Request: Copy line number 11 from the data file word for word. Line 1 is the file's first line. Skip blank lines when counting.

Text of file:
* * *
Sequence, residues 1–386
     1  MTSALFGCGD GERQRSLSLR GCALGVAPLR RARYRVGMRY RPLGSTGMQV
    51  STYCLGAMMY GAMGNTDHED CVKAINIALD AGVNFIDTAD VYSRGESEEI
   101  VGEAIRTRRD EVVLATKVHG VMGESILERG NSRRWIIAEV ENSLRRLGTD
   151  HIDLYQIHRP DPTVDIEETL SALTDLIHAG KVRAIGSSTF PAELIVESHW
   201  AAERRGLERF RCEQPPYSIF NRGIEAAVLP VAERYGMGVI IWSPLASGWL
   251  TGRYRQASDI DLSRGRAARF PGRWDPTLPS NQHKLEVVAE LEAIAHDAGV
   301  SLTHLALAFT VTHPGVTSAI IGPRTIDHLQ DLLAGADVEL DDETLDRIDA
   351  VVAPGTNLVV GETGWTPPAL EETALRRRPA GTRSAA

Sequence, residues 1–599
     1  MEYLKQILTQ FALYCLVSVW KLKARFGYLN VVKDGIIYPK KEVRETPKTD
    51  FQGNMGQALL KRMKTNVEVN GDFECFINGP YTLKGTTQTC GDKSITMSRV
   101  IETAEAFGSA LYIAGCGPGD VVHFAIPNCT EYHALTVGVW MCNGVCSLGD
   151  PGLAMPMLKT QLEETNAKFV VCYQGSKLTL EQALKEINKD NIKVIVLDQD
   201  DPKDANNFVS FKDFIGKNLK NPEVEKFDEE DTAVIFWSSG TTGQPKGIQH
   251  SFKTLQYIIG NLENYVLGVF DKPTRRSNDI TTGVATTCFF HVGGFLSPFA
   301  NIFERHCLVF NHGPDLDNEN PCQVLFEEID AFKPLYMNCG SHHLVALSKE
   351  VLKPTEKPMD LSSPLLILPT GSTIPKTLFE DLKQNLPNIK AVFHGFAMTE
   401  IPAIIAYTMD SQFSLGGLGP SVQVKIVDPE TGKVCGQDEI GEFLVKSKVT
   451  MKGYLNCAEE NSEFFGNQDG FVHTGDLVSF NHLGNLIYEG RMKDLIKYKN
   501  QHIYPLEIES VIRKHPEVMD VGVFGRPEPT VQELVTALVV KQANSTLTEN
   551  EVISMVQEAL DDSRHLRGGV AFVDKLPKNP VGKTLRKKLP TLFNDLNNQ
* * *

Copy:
     1  MEYLKQILTQ FALYCLVSVW KLKARFGYLN VVKDGIIYPK KEVRETPKTD